Exploring ARCore: Digging fundamentals of AR

Augmented reality is picking up the heat nowadays. All the major companies such as Facebook, Apple, Microsoft, and Google are pushing their operating systems towards augmented and virtual reality.

In late August 2017, Google released ARCore SDK in the preview. (Here is the announcement blog post.) This allows the application or game developers to easily integrate augmented reality functionalities into their Android and web applications or games.

In this blog post, we will talk about the fundamentals of ARCore. This blog post aims to provide fundamental concepts of AR and in the next posts, we will start playing with ARCore.

But, before we talk about that, it will be helpful if we truly understand what augmented reality really is.

What is augmented reality?

Augmented reality (AR) is a live view of a physical, real-world (the world surrounding the user) whose elements (such as table, floor, cars) are enhanced by computer-generated information. Computer can provide the information in the form of visual, haptic, voice or any other.

Difference between AR and VR:

Don’t confuse it with VR or virtual reality. Both are immersive computing.

The main difference between AR (Augmented Reality) and VR (Virtual Reality) is that in VR application tries to replace the surrounding environment with digital/virtual objects and the person does not have any direct connection with surroundings. While AR takes a different approach. It doesn’t replace the surrounding environment. Instead, it adds computer-generated digital information to the current environment and presents the user with the enhanced view of the surroundings.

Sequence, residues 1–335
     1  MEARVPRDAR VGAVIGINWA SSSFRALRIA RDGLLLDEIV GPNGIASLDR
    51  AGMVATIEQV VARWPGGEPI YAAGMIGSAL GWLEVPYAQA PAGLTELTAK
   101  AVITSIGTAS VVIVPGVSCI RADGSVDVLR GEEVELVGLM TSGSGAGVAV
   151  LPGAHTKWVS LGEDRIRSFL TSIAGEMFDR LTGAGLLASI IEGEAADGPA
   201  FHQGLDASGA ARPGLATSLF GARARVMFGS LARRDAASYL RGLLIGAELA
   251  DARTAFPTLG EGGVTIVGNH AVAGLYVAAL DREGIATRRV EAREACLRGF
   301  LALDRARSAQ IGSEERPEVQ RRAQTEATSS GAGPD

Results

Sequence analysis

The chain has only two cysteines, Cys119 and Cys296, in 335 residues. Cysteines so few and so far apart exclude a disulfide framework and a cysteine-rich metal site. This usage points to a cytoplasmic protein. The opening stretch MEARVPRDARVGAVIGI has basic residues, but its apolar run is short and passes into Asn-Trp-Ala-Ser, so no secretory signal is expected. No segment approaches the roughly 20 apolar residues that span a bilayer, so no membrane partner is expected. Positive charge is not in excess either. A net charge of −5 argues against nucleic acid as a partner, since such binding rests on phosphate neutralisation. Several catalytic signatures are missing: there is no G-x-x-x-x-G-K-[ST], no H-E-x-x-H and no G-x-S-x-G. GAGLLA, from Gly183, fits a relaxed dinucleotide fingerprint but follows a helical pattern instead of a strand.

Why AR may be the next big thing?

AR is the completely new way of presenting the information to the user. AR has the remarkable ability to change the very perception of the world around us.

  • It allows the computer to present the right information at the right time and in the right place without distracting the user.
  • AR allows the user to observe the scene or the object from any angle.
  • It can enhance the surroundings by adding a new object and allows the user to clearly visualize the object in the 3D world and interact with them. This can revolutionize the consumer and advertising industry completely.

AR development is still in its initial stages. Everyone in the industry is trying to figure out what they can do with the AR. Possibilities are endless!!!

Fundamentals of AR:

For any AR application, understanding the surrounding environment is very important. There are three fundamental technologies, those allow applications to understand the real world and provide rich AR experience to the user based on that information.

  1. Motion Tracking:

Motion tracking allows the AR application to understand and track its position relative to the world. It records person’s or object’s movement into the 3-dimensional space.

Using this types of positional tracking AR applications can know the exact pose (position and orientation ) of the object or person in the real world and place the digital content into the specific point in the real world.

As you might know, the things which are closer to our eyes look bigger in size compare to the things which are far away from our eyes. By utilizing the motion tracking and calculating the distance between the user and any point into space, the computer can decide what should be the size of any virtual object at that point into space.

2. Environmental understanding:

It allows AR applications to understand surrounding environment for object or person.

Environmental understanding includes detecting flat surfaces and detecting feature points.

Using this information AR application can place the virtual object onto the real world surfaces (e.g. On top of the table) and tilt the virtual object according to the tilt of the surface.

3. Light estimation:

Image taken from : https://developers.google.com/ar/discover/concepts